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Cladding Design

Why Timber Cladding?

Timber may be the ultimate sustainable building material, but there need to be more reasons to explain its popularity as an external skin for buildings throughout history. Today the main reasons are:

Cladding to Suit Your Building

Whether cladding runs horizontally or vertically, and the width of the boards, make a huge difference to the look of a building. Vertical cladding will emphasise the height of a building, wider boards reduce the apparent size of a big blank wall. If there are lots of windows and doors, leaving small patches of cladding, it might be better to reduce the board width to make it look less "bitty". Try sketching some lines on elevation drawings of your building and see how it looks.

Green or Seasoned?

Unseasoned timber is cheaper, but generally is used as sawn boards. Shrinkage and movement as the timber dries can spoil the crisp lines of machined profiles, and cause problems such as tongue & groove separating. We only offer profiled timber from seasoned western red cedar.

Timber Species

We favour three naturally durable species: oak, western red cedar and larch.

Oak will last a lifetime, in fact lifetimes. It has a lovely mellow colour and a real sense of solidity. However green oak has relatively high shrinkage on drying, and the grain is not that straight. Although to a great extent it is held true by the fixings as it dries, there will be a waviness to the edges after drying. However, this gives it great character.

Western red cedar is very stable and durable, suitable for all sorts of profiles. Home grown Western red cedar is very consistent warm honey colour. Knots are small (<20mm diameter) and never fall out. Green (unseasoned) cedar will shrink slightly in its length. Where it is used horizontally on wide walls with joins between boards, unsightly gaps can form at the board ends (up 10 mm at worst). For this type of application seasoned cedar is recommended.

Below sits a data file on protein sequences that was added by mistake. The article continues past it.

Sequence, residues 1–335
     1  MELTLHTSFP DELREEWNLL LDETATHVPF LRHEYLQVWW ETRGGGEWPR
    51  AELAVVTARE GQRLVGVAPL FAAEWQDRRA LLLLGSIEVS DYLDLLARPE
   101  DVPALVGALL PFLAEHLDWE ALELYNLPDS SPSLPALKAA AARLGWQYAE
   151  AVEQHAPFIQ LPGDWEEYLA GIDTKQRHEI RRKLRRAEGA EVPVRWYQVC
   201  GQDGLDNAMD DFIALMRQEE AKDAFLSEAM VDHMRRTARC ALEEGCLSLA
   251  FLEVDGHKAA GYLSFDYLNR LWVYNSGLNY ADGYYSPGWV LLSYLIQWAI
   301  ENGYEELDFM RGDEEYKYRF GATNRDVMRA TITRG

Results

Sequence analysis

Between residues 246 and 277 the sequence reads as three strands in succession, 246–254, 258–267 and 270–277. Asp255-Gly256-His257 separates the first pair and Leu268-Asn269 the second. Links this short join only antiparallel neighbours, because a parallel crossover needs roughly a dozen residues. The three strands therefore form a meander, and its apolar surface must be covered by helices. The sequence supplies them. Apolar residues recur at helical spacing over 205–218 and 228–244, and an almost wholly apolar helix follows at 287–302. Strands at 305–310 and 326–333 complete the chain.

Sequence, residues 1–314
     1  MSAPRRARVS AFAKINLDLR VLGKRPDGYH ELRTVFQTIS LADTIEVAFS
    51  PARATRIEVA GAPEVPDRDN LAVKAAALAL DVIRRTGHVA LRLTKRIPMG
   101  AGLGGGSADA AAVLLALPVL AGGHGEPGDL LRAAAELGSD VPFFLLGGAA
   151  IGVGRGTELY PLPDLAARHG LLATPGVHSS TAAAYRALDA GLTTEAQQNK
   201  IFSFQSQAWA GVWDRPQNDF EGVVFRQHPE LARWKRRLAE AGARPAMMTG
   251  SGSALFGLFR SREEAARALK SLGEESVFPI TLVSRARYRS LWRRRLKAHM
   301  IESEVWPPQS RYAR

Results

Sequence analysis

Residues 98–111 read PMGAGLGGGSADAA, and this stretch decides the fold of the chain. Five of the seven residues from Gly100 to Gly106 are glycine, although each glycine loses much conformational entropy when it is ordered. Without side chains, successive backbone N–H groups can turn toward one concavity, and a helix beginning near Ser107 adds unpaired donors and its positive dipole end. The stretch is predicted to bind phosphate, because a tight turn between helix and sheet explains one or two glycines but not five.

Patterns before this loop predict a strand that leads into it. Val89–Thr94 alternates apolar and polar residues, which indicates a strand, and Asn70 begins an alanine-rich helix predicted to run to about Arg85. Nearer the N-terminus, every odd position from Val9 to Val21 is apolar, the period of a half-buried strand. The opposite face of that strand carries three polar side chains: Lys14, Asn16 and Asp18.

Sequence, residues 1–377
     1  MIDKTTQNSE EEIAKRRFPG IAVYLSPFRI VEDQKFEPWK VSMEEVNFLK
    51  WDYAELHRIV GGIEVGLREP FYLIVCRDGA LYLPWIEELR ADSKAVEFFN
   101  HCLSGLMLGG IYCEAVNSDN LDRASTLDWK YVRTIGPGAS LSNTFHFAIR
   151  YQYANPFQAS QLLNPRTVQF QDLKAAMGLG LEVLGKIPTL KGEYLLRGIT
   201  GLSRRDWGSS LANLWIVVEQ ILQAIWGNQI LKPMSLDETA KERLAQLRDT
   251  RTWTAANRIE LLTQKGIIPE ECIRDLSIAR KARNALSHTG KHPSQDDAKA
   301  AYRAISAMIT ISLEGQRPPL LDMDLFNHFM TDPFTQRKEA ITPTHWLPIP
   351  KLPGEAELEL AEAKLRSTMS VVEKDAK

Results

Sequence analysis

Larch is more orangey in colour when fresh, and weathers to a silver/grey. The grain is a bit coarser than cedar, and it will have some dead knots (<35mm diameter).

Treatment & Maintenance

None required! All these timbers will weather to silvery grey with time. The time taken is dependent mainly on the amount of UV light that the boards receive, and to a lesser extent the amount of exposure to rain. A south facing wall may weather in one year, a north facing one three years.

I used to say that there is no way to keep that fresh timber look. However Osmo UV Oil is a clear products which greatly slows down the fading effect. It may not last for ever, but if re-applied every few years it does seem to do a very good job. Beware, it is expensive. Pigmented stains and finishes shield the wood from UV light even better, but you have got to like the colour!